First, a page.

Today’s Pickup: C.R. England tops four million meals donated

Food bank


While efforts by the nation’s logistics companies to assist those in need are continuing, with many companies collecting donations or handing out food, C.R. England and subsidiary England Logistics have continued to do their part through the One Initiative.

The companies announced they have
now donated more than four million meals to food banks since 2018 as part of
the program, with a goal of donating more than one million meals for children
annually. That was achieved in both 2018 and 2019, they said.

“Reducing the impact of childhood
hunger has always been the goal of the One Initiative,” said Josh England,
president of C.R. England. “When we started this initiative, the need was
significant. Today, with the immediate impact of COVID-19 on so many
communities, the need for funding for meals has dramatically increased. 
We are grateful to be in a position to continue to provide help at this critical
time. We express our thanks to our drivers who make the deliveries and to our
other employees for their donations and volunteer efforts.”

The One Initiative’s efforts are
focused on 22 partner food banks in communities where their employees live and
work. Every donation leads directly to a food-insecure child receiving a meal
through various programs such as after-school meal services, mobile food
pantries, and backpack initiatives.

Beginning in 2018, the companies
began an initiative to donate one meal to a food bank for every load delivered
by C.R. England. The delivery driver gets to choose the destination food bank.

Similarly, for every load that
England Logistics brokers, a donation toward a meal is provided.

“It is incredibly inspiring to see
so many team members, shipper clients, carriers and authorized agents rally
around this truly meaningful cause,” said Jason Beardall, president of England
Logistics. “Childhood hunger is an epidemic that is completely solvable and
deserves great priority. We are thrilled to, with the help of so many, be
making such a considerable impact – especially during such a crucial time.”

For more information on the One
Initiative or to access the list of 22 partner food banks, visit

Did you know?

According to
data from FourKites, trucks transporting goods into New York City faced
extended dwell times 68% more frequently in March compared to January and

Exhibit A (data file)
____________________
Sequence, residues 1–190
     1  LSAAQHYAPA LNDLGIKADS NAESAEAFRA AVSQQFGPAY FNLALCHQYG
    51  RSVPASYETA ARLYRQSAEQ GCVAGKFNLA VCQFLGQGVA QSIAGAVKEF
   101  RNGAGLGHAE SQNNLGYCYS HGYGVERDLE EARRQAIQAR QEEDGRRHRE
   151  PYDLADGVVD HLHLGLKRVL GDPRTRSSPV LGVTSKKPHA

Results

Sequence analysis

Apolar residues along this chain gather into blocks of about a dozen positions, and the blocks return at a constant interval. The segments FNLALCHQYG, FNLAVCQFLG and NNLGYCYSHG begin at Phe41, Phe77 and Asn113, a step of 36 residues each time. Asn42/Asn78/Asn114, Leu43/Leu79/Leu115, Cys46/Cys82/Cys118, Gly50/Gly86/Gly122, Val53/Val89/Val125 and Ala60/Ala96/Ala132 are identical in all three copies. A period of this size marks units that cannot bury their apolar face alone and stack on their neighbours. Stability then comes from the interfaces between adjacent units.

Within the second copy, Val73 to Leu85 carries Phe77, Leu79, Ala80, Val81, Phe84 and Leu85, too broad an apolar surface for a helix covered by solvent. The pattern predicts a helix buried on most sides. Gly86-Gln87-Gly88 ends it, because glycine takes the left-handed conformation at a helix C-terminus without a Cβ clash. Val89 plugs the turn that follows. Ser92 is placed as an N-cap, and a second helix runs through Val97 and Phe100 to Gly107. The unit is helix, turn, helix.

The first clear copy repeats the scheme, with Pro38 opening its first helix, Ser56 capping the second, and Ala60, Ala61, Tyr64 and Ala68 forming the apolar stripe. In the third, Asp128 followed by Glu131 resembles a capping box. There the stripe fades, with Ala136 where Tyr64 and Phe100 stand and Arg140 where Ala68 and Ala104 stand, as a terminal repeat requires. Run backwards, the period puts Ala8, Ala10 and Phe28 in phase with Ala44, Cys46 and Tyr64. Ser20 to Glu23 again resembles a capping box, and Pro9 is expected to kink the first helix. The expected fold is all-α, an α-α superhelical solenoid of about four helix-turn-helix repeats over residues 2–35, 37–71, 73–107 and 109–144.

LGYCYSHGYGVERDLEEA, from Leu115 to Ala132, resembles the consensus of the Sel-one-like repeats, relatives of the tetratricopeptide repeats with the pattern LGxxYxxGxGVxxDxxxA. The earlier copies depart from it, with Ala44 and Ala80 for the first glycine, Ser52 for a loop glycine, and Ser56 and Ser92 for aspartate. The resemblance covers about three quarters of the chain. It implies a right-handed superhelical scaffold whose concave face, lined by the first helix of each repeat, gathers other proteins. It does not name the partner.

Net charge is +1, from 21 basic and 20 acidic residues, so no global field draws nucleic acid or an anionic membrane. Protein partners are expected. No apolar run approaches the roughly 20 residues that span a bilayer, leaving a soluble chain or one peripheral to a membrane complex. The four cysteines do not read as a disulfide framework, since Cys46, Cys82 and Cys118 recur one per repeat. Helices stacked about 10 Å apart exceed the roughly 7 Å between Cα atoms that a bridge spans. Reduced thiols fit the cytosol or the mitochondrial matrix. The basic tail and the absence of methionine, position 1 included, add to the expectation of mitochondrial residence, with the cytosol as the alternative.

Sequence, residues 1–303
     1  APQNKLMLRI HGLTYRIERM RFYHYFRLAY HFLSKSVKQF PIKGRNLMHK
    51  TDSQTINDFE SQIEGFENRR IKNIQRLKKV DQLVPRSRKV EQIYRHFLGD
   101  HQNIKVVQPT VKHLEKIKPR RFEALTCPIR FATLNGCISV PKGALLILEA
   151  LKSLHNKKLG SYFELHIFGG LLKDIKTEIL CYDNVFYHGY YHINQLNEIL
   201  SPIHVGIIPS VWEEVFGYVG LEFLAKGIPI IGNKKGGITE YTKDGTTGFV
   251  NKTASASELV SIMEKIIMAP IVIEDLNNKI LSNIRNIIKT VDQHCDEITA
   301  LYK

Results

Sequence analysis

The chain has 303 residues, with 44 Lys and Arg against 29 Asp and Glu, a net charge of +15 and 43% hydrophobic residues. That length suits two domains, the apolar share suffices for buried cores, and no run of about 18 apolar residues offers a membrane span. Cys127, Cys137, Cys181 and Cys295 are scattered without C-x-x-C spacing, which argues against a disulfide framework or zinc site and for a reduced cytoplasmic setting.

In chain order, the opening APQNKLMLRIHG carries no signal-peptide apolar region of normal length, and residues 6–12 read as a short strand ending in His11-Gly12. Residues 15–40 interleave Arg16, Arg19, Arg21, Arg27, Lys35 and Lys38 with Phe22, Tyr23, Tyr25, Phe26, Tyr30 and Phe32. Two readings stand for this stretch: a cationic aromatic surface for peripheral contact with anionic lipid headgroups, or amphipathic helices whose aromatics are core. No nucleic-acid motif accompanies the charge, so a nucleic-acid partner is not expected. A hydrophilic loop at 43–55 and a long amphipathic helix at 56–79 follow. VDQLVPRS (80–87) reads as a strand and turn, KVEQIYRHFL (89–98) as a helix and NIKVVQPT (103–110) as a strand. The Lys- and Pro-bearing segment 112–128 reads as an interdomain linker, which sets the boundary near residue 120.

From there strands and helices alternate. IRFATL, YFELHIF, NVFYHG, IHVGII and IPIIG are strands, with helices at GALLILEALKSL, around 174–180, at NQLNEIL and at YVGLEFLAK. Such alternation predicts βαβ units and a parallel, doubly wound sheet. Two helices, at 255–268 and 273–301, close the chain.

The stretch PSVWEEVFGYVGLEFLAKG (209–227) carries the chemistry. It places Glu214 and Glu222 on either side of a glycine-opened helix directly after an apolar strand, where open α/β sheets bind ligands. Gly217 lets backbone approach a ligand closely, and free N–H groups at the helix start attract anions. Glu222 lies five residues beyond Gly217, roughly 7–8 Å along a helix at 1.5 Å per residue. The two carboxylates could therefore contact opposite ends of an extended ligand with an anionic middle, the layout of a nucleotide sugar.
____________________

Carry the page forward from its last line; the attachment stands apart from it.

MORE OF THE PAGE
February. The rate was 36% more often in San Francisco, New Orleans and
Detroit. Dwell time has dropped, though, since March 28, to just 14.9% above
January and February levels in New York City.


“We wanted to do a small part to
show our appreciation for truckers by handing out free pizzas and waters.
They’re having a hard time because they can’t stop anywhere to get something to
eat. They can’t exactly go through a drive-thru with a big rig.”

– Ronald Ramsey, chief commercial officer at Reliance Partners. The insurance company handed out 100 boxes of pizza at both the Tennessee and Georgia welcome centers along Interstate 75 on Friday, April 24.

In other news:

Positive COVID-19 test leads to closure of travel stop

Love’s has temporarily closed its
Lost Hill, California, travel stop after an employee tested positive for
COVID-19, according to a report. (Transportation Nation)

Tyson Foods: Meat shortages ahead

Tyson Foods is warning that meat
shortages are likely as plants shut down and supply chains break. (Yahoo)

Retailers call for uniform reopening plans

Major national retailers are urging
states to work together and create uniform reopening plans for the nation’s
economy. (Bloomberg)

Airfreight capacity issues will hamper recover

The chief of Deutsche Post AG said
that airfreight capacity constraints, especially in the bellies of passenger
planes, will hamper recovery efforts. (Wall Street Journal)

Supply chain disruption expected to get worse

Technology company Resilinc said
that disruptions to the supply chain could worsen next month as the economy
tries to regain positive momentum. (DC Velocity)

Final thoughts

Driver comments, as captured by Workhound on its anonymous communication platform, indicate rising optimism
and morale among the workforce. Data from the firm’s latest survey found 78% of
those commenting on morale offered positive thoughts, suggesting that fleets
are doing a good job of supporting drivers on the road. “Drivers’ initial
questions about how the company would respond to the pandemic, as well as
drivers’ requests for PPE and sanitation supplies have largely been addressed,
which is reflected in this data,” the report noted.

Hammer down, everyone!